Waiting in rush-hour traffic. Waiting in a checkout line. Waiting for a table in a busy restaurant, then waiting to give my order, then waiting to get my food. Getting through the TSA line at the airport, or the ticket line at the theater, or the ubiquitous line at the Apple Store (which starts to queue up long before the store opens).
Waiting, waiting, waiting. I confess that I’m often not good at it, and become impatient. The last time I had my blood drawn at a local clinic, for example, I showed up early for my appointed time. But I had to wait over an hour to be seen, while they took in people who arrived after I did. By the time I got in, I was stressed out and deeply annoyed — so much so that I suspect it threw off my test results.
Sometimes, I intentionally work at being more patient. I don’t jockey to gain another car length or two on a crowded freeway; I stay in my lane and take what it gives me. When another checkout line opens at the supermarket, I don’t jump at it.
And if there’s any silver lining to the pandemic of the last couple of years, I think it’s helped me to be at least a tad more patient.
Because, you know, it’s not like I’m in a hurry to get somewhere.
But that, I think, is the real problem. It’s not simply that I need more patience. It’s that I need to loosen the grip that “hurry-sickness” has on me. Living in a tech-saturated culture, I’ve been indoctrinated with the gospel of “faster is better.” I complain when one of my devices slows down, taking several seconds longer to boot up, or download a file, or connect to a website than it used to. Not minutes, mind you; not hours. Seconds. I easily fritter away much, much more time playing a game on my phone.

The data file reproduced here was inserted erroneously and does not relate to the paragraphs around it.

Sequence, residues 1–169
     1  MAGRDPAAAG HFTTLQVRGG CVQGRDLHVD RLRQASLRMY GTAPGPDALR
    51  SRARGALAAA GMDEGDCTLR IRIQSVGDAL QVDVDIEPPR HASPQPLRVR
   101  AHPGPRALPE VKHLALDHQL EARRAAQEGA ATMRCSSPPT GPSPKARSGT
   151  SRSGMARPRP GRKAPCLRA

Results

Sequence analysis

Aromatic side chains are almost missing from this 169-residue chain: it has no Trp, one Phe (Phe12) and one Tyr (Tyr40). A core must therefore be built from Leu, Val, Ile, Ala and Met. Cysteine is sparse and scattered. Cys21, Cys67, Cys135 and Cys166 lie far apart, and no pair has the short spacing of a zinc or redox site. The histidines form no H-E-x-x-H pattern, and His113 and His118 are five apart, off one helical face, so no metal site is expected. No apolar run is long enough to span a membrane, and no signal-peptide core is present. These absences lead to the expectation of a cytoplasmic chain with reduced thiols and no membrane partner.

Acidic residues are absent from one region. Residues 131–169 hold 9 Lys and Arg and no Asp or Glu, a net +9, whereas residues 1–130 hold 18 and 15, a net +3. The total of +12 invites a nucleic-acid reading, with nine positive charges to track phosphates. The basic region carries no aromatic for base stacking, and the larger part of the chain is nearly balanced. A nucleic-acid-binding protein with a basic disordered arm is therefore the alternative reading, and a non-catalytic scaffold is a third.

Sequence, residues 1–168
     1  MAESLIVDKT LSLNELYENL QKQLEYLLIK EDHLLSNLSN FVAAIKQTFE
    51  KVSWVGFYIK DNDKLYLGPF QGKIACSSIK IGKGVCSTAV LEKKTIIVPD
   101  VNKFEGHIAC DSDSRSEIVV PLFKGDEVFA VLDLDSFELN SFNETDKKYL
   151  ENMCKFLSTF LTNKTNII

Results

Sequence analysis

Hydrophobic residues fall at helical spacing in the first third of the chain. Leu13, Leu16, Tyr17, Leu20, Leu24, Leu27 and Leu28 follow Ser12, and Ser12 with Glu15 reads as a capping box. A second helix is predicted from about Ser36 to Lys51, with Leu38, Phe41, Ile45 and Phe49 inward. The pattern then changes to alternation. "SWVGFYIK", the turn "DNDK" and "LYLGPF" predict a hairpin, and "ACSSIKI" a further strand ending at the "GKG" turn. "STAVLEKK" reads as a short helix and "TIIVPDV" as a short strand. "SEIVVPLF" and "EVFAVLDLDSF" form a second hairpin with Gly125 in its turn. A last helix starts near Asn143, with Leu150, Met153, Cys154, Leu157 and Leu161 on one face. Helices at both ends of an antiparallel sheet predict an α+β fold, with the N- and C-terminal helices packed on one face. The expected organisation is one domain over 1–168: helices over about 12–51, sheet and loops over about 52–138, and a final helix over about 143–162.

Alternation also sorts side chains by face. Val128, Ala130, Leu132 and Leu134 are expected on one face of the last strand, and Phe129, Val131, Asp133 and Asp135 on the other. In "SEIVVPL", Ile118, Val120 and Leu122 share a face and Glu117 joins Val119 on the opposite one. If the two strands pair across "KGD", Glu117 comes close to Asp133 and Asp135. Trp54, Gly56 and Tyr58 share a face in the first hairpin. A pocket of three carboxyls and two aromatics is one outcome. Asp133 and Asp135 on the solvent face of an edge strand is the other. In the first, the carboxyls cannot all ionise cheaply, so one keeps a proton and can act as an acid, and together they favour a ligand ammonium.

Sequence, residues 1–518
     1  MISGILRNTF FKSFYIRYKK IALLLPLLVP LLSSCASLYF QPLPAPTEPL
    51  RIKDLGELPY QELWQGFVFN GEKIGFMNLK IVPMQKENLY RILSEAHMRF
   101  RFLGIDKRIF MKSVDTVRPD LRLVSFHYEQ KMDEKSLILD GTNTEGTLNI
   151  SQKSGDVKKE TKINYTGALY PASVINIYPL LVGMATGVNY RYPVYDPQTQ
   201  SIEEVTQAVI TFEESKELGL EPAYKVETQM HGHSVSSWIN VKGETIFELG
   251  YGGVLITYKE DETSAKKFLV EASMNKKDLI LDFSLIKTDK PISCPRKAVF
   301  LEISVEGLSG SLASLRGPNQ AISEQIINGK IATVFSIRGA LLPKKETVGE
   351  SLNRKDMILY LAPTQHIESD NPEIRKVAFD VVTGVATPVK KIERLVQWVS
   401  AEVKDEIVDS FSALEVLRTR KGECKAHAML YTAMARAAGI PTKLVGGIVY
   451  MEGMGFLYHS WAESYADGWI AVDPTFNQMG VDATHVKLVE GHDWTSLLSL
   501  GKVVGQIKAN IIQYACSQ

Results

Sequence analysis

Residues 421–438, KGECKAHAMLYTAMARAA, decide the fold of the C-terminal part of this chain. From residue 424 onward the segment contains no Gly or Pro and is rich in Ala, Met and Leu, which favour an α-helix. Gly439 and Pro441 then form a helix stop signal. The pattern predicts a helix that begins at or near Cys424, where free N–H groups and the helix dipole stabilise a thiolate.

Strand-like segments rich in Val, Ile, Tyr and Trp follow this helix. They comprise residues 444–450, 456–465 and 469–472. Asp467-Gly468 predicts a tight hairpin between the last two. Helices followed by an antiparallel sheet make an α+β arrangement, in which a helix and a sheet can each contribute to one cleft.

Many of you, I suspect, are like me. We could all use more patience, in the sense of less hurry-sickness, less of the irrational need to do things faster so we can waste more time on…well, whatever we waste time on. We know, moreover, that the Bible holds patience in high esteem. Paul, for example, leads with patience in his description of love (1 Cor 13:4), and includes patience in his description of the fruit of the Spirit (Gal 5:22).
Likewise, the apostle James writes:
Be patient, therefore, brothers and sisters, until the coming of the Lord. The farmer waits for the precious crop from the earth, being patient with it until it receives the early and the late rains. You also must be patient. Strengthen your hearts, for the coming of the Lord is near. (James 5:7-8, NRSVUE)
So Christians should look forward to the return of Jesus, and be more patient, right?
Yes — but neither Paul nor James is talking about hurry-sickness. They’re talking about enduring suffering, not impatient annoyance or boredom. Thirty extra seconds on a “slow” Internet connection doesn’t count.
At root, the word translated as “patience” in all these cases literally means, as the King James sometimes has it, “long-suffering.” In the case of James, the words are mostly directed to poor believers who are being mistreated by the wealthier among them. They are ignored or dissed by the middle class, and abused by their upper-class employers. Be patient, he tells them. Strengthen your hearts. Jesus is coming.
Again, this kind of patience isn’t about waiting calmly for your social media feeds to load (though that wouldn’t hurt). It’s not about tamping down your resentment at the person in front of you who can’t find their credit card in the express checkout line. It’s about having a godly perspective on suffering and injustice, so as to respond with endurance and love.
And what is that perspective? We’ll lean further into James shortly. But in the next post, we’ll begin with what Jesus and Paul teach about the patience of God.